Thursday, February 12, 2009

Lusse Bröd

If my memory serves me correctly, I'd say that it's been something like two years since the last time I picked up a sliced white loaf from the corner store. Bread does not really make much of an appearance at our house, unlike my time spent with a friend's family in Torrevieja - on the south-east coast of Spain, where a baguette seemed to live permanently on the kitchen table at all hours of the day. For me, it's one of those purchases that I actively avoid, simply because I know from experience that I'm never able to finish it all and after incorporating it into every meal for 3 days straight, I swear never to eat it again. With mixed curiosity and an urge to get off my ass and actually do something for a change however, I tried out a recipe for Swedish saffron bread from a book called 'From Ciabatta To Rye' by Linda Collister.

Peter Reinhart says:
".. Santa Lucia Day is celebrated on December 13. In Sweden, a custom arose to celebrate the day with a festival in honor of this Sicilian saint, a beautiful girl who suffered torture and blinding rather than renounce her faith. she was believed to have carried food to Christians hiding in caves, wearing a wreath of candles to light her way, and thus, during the festival, young girls wear similar wreaths and process in white dresses ties with crimson ribbon. Sweet buns, known as lussekatter or lusse brod, are baked, coiled into various shapes to represent the blinded eyes of the young girl. As the girls in white process, they pass out their Santa Lucia buns to remind worshippers of the saint's victory over evil and of the pending return of the sun and its light (Lucia means "light") .."

..How very touching.. Anyway apparently not all recipes for lusse bröd contain saffron and some even include almond meal and large raisins pressed into the middle of each coil, which I'm guessing are supposed to resemble the pupils.

Swedish Saffron Bread
1 g saffron threads or powder
40 g boiling water
220 g milk
50 g castor sugar
7 g active dry yeast
100 g butter, melted and cooled
2 eggs
5 g salt
500 g flour + extra for dusting
Crumble saffron threads into a small bowl and pour over boiling water.
Leave to infuse for 12 hours.
Pour milk into a small pot and sprinkle in sugar and yeast, whisking out any lumps.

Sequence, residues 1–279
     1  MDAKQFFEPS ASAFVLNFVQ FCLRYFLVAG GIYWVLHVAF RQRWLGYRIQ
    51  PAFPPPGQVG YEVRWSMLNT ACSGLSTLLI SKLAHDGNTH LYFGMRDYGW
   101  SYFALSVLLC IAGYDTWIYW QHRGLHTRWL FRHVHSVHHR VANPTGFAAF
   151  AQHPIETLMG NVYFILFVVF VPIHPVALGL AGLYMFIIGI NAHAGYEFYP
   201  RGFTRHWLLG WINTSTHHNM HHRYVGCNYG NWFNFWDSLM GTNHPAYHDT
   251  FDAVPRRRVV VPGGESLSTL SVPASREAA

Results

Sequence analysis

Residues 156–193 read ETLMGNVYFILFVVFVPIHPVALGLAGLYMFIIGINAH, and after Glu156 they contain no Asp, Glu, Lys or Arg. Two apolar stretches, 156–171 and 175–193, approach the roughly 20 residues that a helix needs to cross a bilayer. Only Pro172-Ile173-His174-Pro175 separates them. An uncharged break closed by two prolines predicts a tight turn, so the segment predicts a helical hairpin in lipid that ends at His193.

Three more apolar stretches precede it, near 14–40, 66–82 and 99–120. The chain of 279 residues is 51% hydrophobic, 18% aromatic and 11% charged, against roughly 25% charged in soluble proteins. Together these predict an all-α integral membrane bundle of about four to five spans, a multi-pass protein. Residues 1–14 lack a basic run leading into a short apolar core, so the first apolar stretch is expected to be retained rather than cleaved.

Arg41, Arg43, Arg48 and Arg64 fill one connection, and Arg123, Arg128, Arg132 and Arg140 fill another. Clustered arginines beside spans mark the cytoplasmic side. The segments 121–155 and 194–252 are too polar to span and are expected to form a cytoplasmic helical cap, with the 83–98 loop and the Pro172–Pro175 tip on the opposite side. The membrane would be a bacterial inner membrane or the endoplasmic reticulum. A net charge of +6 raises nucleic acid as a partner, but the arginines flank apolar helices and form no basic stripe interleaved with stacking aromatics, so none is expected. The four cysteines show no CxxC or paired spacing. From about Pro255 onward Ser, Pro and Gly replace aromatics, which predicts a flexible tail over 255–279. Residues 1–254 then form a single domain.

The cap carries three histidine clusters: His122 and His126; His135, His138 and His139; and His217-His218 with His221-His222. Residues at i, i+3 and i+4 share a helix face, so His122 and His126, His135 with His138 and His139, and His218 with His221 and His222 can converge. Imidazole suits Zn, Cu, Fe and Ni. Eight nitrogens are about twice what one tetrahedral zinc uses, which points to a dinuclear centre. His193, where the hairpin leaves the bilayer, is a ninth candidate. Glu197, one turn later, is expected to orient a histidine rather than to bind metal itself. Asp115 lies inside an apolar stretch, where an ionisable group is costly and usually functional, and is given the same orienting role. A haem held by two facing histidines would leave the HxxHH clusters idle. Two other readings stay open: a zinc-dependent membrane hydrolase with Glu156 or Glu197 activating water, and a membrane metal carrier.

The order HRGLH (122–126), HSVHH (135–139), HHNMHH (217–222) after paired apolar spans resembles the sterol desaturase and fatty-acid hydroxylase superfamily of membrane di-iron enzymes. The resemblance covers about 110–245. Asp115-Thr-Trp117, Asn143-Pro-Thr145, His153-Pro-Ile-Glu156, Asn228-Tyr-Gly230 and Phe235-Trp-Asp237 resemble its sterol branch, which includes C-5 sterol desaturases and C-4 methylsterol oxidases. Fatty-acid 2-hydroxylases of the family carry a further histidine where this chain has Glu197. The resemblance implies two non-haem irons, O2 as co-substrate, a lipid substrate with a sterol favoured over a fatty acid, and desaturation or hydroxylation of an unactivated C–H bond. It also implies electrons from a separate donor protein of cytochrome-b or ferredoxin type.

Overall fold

Bring slowly to 42ºC and leave for about 10 mins until foamy.
Pour in saffron, butter, 1 egg and salt, whisking to combine.
Place flour in a large bowl and make a well in the centre.
Pour in yeast and with a fork, gently work in the flour until fully incorporated.
Dust the table with a little extra flour and knead dough for 5 - 10 mins until smooth and elastic.
Place into a greased bowl, cover with a damp cloth and proof for about 1 hour or until doubled in size.
Turn dough onto the table, dusted with a little more flour and cut into 8 equal pieces.
Roll each piece into sausages 24 cm long and roll into coils, tucking the ends underneath.
Grease a heavy baking sheet and place a coil in the centre.
Place the remaining coils around, barely touching one another.
Place a deep roasting tray over the top and allow to proof for half an hour.
Beat the remaining egg and brush over the tops of the coils.
Bake at 200ºC for 25-30 mins until golden.


  1. Looks delicious, Cathy. You've just reminded me that I haven't baked bread in such a long time! I'm currently addicted to Luneburger's seeded rolls.

  2. hey hey guess what! i made martin yan's steamed buns from a really corny looking old book i bought for 5 dollars that was printed in the early 80's :P my dad always refuses to try the recipes i dig up for him.. psh! and he wonders why his buns come out resembling bricks..

  3. It's amazing that such a beautiful bread has such sad symbolism associated with it.


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